SEC. 3. To effectuate this policy, this Act (1) establishes a National Housing Agency in title I; (2) deals with research, market analysis, and local planning in title II; (3) amends existing aids to privately financed housing in title III; (4) enables private enterprise to serve families of lower income in title IV; (5) enables direct private investment in housing for families of moderate income in title V; (6) enables private enterprise to participate in the development or redevelopment of slum and other areas in title VI; (7) aids localities in slum clearance and low-rent housing in title VII; (8) provides aid for rural housing in title VIII; (9) provides for the disposition of federally owned housing including permanent war housing (with preference to families of servicemen and veterans) in title IX; (10) requires periodic inventory of needs and programs in title X; and (11) contains miscellaneous provisions in title XI.
TITLE I-NATIONAL HOUSING AGENCY
SEC. 101. There is hereby established an agency and instrumentality of the United States, to be known as the "National Housing Agency".
OFFICE OF THE ADMINISTRATOR
SEC. 102. (a) Said Agency shall be headed by a National Housing Administrator appointed by the President, by and with the advice and consent of the Senate. Said Administrator shall receive compensation at the rate of $12,000 per annum.
(b) In addition to the responsibilities, functions, powers, and duties otherwise vested in the National Housing Administrator by this Act, there are hereby transferred to and vested in said Administrator the functions, powers, and duties of determining general policy, and of making findings of need and of termination of need for housing, under titles I and III, section 401, and title V of Public Law 849, Seventy-sixth Congress, approved October 14, 1940, as amended, Public Law 781, Seventy-sixth Congress, approved September 9, 1940, as amended, and Public Laws 9, 73, and 353, Seventy-seventh Congress, approved, respectively, March 1, 1941, May 24, 1941, and December 17, 1941.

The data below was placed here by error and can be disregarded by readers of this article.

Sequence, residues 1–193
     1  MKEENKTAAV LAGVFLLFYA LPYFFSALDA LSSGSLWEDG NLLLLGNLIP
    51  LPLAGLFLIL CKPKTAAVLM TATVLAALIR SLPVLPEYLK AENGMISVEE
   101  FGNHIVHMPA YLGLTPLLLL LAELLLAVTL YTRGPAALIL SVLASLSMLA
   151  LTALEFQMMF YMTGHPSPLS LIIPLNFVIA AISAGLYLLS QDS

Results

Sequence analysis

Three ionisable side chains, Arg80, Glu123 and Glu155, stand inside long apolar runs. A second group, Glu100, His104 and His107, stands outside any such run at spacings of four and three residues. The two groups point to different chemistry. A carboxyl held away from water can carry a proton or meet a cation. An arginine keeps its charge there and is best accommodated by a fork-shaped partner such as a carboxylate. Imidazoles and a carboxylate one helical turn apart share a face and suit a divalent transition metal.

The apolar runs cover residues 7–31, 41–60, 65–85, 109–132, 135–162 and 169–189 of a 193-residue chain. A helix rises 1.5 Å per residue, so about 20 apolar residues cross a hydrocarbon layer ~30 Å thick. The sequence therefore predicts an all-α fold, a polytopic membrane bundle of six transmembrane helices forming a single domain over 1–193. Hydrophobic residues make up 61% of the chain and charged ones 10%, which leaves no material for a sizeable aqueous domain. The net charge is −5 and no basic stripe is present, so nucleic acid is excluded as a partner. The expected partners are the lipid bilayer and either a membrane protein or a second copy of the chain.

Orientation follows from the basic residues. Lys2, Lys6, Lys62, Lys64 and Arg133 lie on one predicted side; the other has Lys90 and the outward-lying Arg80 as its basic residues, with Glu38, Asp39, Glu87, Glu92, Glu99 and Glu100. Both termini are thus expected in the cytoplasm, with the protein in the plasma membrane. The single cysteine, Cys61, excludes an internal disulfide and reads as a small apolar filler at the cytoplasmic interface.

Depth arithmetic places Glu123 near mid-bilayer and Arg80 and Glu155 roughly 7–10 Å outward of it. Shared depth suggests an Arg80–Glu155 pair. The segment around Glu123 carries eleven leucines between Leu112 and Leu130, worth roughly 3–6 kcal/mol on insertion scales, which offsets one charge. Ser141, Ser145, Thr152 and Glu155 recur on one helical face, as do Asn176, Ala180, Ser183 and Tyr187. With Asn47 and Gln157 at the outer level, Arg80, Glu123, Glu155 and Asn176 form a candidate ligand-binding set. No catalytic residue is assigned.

(c) The Administrator shall cause to be prepared for the National Housing Agency an official seal, of such device as he shall approve, and judicial notice shall be taken of said seal.
SEC. 103. There shall be in the National Housing Agency under the National Housing Administrator, who (in his capacity as the main officer within the Agency responsible for executing the policies established by law) shall be responsible for the general supervision of the administration thereof and for the coordination of their functions, activities, and programs